As part of its $94 million upgrade, the North Head Water Resource Recovery Facility (WRRF) has been installed with two new digestors. 

The digestors are currently being used to produce biosolids for use in compost and on a trial basis in forestry, and are expected to almost double the sludge digestion capacity at the plant.

The North Head WRRF provides wastewater facilities for one million Sydneysiders; from Seven Hills in the west, to Yagoona in the south and Ku-Ring-Gai and Collaroy in the north.

In 2021, Sydney Water began important upgrades to the facility to improve how we process biosolids.

Sydney Water currently uses biosolids produced at North Head for compost in mine rehabilitation and to grow forests for the production of chipboard in rural New South Wales.

More than 100 workers helped build and install two digestors. 

Sydney Water Contract Specialist, Graham Keating, said that Sydney Water produces about 180,000t of biosolids per year.

“Currently 56 per cent of biosolids are directly applied to farmland in Western New South Wales, 29 per cent are used in the forestry market and 15 per cent are composted before being land applied to farms or used in the land rehabilitation of mine sites in the Hunter Valley,” Mr Keating said.

Although composted biosolids are ultimately land applied, the direct land application of biosolids to farms and forestry is better in terms of carbon neutrality. As the North Head biosolids quality improves it is likely North Head biosolids will be beneficially used in forestry.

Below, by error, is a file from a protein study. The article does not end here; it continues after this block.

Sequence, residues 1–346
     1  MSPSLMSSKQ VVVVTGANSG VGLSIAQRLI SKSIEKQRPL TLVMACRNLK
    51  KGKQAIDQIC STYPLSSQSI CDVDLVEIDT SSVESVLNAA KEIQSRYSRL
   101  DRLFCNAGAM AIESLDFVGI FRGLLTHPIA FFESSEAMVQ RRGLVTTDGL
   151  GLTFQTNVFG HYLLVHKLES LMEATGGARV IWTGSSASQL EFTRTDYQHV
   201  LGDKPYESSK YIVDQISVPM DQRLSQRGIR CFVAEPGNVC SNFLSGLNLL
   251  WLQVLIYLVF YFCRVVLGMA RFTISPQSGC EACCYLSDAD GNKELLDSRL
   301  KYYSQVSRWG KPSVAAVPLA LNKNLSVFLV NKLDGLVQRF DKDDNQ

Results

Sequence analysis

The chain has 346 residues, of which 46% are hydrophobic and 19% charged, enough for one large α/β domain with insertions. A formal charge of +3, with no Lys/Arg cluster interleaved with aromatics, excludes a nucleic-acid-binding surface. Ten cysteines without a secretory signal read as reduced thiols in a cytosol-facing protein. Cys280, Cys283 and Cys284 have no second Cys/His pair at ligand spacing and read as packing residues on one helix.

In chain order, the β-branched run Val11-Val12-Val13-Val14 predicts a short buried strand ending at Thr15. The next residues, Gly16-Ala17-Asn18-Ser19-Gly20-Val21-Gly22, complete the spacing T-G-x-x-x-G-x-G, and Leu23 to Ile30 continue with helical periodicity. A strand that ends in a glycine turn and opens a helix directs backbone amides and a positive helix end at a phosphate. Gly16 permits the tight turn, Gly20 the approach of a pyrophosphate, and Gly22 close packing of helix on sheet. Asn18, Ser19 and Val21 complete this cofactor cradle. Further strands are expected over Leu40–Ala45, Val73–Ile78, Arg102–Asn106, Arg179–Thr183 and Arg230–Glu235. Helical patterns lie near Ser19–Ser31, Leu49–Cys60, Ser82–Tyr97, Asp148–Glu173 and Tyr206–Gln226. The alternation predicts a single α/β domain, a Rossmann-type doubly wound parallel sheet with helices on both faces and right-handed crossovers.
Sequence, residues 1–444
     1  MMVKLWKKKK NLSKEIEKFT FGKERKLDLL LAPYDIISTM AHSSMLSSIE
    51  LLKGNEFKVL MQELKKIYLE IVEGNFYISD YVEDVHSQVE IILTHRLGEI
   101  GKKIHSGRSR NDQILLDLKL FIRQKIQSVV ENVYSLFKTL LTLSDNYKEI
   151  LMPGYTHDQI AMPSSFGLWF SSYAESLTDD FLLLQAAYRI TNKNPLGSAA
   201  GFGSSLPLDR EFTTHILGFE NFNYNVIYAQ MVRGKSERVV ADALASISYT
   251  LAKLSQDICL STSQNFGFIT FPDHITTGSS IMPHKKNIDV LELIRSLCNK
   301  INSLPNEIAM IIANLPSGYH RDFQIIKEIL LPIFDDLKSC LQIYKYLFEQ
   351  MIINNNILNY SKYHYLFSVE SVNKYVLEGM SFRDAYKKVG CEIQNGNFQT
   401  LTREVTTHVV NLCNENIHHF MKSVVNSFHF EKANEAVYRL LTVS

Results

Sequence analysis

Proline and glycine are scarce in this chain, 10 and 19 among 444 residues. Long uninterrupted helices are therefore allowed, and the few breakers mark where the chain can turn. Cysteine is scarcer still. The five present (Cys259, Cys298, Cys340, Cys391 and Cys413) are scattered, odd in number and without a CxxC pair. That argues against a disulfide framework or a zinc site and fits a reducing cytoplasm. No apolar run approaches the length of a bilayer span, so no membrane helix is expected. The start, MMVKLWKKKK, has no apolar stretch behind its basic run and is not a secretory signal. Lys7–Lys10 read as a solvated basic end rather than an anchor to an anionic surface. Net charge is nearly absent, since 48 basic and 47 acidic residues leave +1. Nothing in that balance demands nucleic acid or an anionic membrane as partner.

Sydney Water Senior Process Engineer, Matt Wood, said that the upgrades are an important step in ensuring that biosolids continue to be beneficially reused and kept out of landfill.

“We proudly produce biosolids to help reduce society’s environmental footprint and restore and improve soils throughout New South Wales,” Mr Wood said. 

“Sydney Water has beneficially reused 100 per cent of its biosolids for over 20 years. Not only does this avoid sending them to landfill or out to sea, but their organic, nutrient and microbial content makes them ideal for rejuvenating soils and improving the land’s ability to sequester carbon.” 

Sydney Water said that it is constantly looking to reduce its carbon footprint and use alternative and renewable energy sources. At North Head WRRF, almost 45 per cent of the facility’s total energy needs come from renewable sources.

The facility features a hydroelectric generator. The treated wastewater falls down a long drop shaft on its way to the deep-water ocean outfall. The falling water has enough kinetic energy to drive a water-powered generator, producing hydroelectricity.

North Head WRRF also uses cogeneration to meet some of its energy needs. Methane gas (biogas) is captured from the anaerobic digesters and used to power a combustion engine that drives an electricity generator and produces heat to supply the plant’s process heating requirements.

Upgrades to the North Head WRRF are due for completion by late 2024.

Featured image: Biosolids treated at Sydney Water North Head WRRF.

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